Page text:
Cambodia’s New Rules of Origin Law to Better Facilitate International Trade
Cambodia has approved a new Rules of Origin (ROO) law, which is to be in line with the standards set by the World Trade Organization (WTO).
On July 5, 2023, the Cambodian government approved a new ROO law, to be in line with the standards of the WTO. This will provide businesses with clear and uniform criteria for identifying the source of a product. More importantly, it will enable importers and exporters to access preferential trade treatment – where ROO provisions are met. Finally, the new law gives the government a legal basis to impose trade restrictions where necessary and crack down on counterfeit goods.
The new ROO law has been formulated with assistance from WTO and the UN Conference on Trade and Development (UNCTAD), thereby ensuring consistency with existing free trade agreements (FTAs) and agreements with other WTO member countries.
What is ROO?
ROO or rules of origin is a set of criteria to determine the country from which a product is derived from. This includes, for instance, the permitted scope of “substantial transformation” that allows a product to be classified as originating in the country in which it is manufactured or processed. As commodities may be subject to varying duties, restrictions, or preferential treatment depending on their origin status, it is essential to have in place an accurate and consistent classification process.
In addition to facilitating trade, certificates of origin (COO) can also help to improve the recognition of products, increase brand value, and prevent counterfeiting by providing buyers with proof of the product’s origin and quality. This is especially true for specialty goods, such as artisanal or agricultural products.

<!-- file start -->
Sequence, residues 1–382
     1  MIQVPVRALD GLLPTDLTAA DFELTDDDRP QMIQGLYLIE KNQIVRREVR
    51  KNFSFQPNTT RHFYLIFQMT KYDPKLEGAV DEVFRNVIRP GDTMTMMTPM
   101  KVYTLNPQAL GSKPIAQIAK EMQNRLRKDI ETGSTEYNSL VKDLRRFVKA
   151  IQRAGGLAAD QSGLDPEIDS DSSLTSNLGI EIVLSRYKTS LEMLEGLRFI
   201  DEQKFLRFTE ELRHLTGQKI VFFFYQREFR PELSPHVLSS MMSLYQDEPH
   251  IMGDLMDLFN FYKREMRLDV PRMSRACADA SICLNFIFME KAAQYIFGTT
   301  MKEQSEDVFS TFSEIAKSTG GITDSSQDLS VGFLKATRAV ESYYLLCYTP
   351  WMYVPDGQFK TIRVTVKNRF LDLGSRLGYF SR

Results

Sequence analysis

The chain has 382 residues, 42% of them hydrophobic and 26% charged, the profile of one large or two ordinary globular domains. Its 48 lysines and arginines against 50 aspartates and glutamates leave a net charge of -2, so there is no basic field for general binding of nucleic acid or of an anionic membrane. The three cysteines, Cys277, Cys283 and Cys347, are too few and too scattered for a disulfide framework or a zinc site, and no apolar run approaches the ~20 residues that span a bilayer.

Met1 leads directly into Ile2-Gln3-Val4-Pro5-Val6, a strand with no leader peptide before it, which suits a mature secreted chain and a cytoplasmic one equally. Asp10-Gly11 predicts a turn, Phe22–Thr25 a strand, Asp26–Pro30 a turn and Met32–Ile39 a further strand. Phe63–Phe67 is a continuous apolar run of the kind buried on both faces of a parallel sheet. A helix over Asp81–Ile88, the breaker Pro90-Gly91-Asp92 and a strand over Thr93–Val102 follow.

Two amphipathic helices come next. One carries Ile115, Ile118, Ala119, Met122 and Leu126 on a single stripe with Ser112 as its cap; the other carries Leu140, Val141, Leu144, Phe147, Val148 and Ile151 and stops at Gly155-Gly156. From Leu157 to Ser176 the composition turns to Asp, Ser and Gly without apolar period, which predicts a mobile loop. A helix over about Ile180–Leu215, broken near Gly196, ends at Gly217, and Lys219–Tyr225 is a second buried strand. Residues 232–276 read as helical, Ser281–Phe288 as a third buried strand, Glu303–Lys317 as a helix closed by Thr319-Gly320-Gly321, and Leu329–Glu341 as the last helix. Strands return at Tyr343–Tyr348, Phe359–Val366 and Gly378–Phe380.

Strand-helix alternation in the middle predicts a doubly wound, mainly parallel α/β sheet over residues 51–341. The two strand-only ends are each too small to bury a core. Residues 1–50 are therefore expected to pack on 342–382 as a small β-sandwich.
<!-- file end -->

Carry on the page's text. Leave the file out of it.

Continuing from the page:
ROO for products subject to non-preferential treatment are determined individually by each country and therefore can differ greatly, although they must generally adhere to WTO standards if the country in question is a member. Meanwhile, ROO criteria for products subject to preferential treatment are usually integrated into trade agreements like FTAs. Under the agreement, two or more signatory countries agree to the same rules to provide preferential treatment for market access or sourcing of certain products, thus boosting bilateral or multilateral trade.
What is in Cambodia’s ROO?
The implementation of Cambodia’s ROO law is in line with its commitments to adhere to the WTO Agreement on Rules of Origin. Under the WTO Agreement, a country cannot “create restrictive, distorting, or disruptive effects on international trade” and “shall not pose unduly strict requirements or require the fulfillment of a certain condition not related to manufacturing or processing, as a prerequisite for the determination of the country of origin.”
Cambodia’s new ROO law outlines criteria for the origin of products that are subject to preferential and non-preferential treatment. For preferential products, the ROO defaults to those set by the trade agreements in effect, such as the Regional Comprehensive Economic Partnership (RCEP). Cambodia’s ROO law thereby officially confirms its adherence to these regulations within its legal framework.